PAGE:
MOUNTAIN VIEW, Calif. — Google announced that it has applied its DeepMind machine learning algorithms to its own data centers to reduce the amount of energy used for cooling by up to 40 percent.

One of the primary sources of energy use in the data center environment is cooling. However, Google said dynamic environments like data centers make it difficult to operate optimally for several reasons:

1. The equipment, how it is operated, and the environment interact with each other in complex, nonlinear ways. Traditional formula-based engineering and human intuition often do not capture these interactions.

2. The system cannot adapt quickly to internal or external changes (like the weather). This is because we cannot come up with rules for every operating scenario.

3. Each data center has a unique architecture and environment. A custom-tuned model for one system may not be applicable to another. Therefore, a general intelligence framework is needed to understand the data center’s interactions.

To address this problem, Google began applying machine learning two years ago to operate its data centers more efficiently. And over the past few months, DeepMind researchers began working with Google’s data center team to improve the system’s utility. Using a system of neural networks trained on different operating scenarios and parameters within its data centers, the team created a more efficient and adaptive framework to understand data center dynamics and optimize efficiency.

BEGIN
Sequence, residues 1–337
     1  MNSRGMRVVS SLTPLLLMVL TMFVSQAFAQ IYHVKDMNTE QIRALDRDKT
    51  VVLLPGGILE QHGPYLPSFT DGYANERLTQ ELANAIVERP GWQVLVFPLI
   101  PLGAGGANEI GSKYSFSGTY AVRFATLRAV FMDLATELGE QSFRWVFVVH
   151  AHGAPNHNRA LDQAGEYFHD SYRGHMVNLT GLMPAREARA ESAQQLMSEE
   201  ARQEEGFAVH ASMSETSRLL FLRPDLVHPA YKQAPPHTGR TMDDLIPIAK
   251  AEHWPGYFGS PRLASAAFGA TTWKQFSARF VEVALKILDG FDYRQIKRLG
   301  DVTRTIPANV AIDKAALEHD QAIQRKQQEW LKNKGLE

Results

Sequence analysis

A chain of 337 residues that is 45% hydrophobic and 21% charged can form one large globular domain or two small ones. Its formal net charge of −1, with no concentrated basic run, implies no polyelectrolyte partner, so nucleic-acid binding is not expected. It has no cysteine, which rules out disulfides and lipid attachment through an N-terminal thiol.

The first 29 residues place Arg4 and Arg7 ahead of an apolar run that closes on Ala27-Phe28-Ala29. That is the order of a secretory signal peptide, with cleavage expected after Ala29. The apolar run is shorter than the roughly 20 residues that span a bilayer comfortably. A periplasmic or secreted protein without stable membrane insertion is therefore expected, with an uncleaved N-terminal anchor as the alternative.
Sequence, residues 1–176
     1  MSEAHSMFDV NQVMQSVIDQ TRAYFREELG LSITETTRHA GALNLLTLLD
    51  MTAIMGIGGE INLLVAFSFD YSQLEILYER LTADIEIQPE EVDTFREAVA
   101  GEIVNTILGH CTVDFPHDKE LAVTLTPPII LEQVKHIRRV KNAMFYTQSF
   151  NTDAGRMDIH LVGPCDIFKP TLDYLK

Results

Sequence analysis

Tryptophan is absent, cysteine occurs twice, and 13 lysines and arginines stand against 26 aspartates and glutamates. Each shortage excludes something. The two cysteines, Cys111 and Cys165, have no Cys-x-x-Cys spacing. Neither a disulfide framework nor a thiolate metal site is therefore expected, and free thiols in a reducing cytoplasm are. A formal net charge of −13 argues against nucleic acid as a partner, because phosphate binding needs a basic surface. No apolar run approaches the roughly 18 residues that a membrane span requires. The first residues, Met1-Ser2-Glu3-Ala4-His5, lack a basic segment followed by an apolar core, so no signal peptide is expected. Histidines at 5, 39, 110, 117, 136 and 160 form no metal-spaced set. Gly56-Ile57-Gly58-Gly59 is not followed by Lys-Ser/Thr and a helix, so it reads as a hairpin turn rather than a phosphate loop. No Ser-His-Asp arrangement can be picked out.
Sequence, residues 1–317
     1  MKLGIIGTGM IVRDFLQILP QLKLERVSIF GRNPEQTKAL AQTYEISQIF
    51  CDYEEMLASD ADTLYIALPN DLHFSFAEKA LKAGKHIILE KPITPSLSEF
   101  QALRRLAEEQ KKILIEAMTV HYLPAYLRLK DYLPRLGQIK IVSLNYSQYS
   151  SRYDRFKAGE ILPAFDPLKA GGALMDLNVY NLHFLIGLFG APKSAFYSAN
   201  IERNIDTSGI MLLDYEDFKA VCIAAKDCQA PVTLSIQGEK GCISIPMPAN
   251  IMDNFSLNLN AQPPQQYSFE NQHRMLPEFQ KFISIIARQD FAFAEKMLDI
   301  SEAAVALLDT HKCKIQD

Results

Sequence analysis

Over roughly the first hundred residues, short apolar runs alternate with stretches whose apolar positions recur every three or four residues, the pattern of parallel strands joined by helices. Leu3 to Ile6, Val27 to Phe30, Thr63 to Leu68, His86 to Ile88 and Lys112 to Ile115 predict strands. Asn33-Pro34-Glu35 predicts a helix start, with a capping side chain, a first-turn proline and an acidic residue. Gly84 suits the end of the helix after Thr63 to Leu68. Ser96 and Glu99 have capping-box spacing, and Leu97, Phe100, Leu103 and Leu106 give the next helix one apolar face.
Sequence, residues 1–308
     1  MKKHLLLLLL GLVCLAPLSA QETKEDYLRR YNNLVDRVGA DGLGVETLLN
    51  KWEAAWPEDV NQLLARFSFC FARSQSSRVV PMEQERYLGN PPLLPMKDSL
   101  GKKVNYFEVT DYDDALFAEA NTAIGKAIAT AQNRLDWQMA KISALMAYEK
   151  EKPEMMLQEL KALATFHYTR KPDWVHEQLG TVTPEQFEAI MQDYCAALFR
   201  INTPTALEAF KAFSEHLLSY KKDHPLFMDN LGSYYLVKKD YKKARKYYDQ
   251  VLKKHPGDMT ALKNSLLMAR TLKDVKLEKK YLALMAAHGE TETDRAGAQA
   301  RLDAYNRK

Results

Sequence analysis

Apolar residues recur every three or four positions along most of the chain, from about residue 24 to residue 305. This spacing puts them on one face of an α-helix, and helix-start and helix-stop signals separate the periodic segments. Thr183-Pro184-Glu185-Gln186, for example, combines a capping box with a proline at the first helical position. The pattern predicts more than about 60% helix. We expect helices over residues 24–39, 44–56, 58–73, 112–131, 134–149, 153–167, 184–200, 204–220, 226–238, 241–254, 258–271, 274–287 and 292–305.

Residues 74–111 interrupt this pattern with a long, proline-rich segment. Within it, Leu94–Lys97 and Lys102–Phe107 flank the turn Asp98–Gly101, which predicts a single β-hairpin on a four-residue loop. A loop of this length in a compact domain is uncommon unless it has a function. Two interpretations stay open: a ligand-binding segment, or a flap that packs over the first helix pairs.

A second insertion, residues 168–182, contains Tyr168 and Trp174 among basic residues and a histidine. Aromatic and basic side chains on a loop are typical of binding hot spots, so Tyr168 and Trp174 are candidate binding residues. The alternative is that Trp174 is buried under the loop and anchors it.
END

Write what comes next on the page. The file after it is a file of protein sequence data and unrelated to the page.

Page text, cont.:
This was accomplished by taking the historical data that had already been collected by sensors — data such as temperatures, power, pump speeds, setpoints, etc. — and using it to train the neural networks. Since the objective was to improve data center energy efficiency, neural networks were trained on the average future power usage effectiveness (PUE), which is defined as the ratio of the total building energy usage to the IT energy usage. Google then trained additional neural networks to predict the future temperature and pressure of the data center over the next hour. The purpose of these predictions is to simulate the recommended actions from the PUE model, to ensure that the data center does not go beyond any operating constraints.

The model was tested by deploying on a live data center, including testing with the machine learning recommendations turned on and with them turned off.

Google said the machine learning system was able to consistently achieve a 40 percent reduction in the amount of energy used for cooling, which equates to a 15 percent reduction in overall PUE overhead after accounting for electrical losses and other non-cooling inefficiencies. It also produced the lowest PUE the site had ever seen.

Because the algorithm is a general-purpose framework to understand complex dynamics, Google said it plans to apply this to other challenges in the data center environment and beyond in the coming months.

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Publication date: 8/9/2016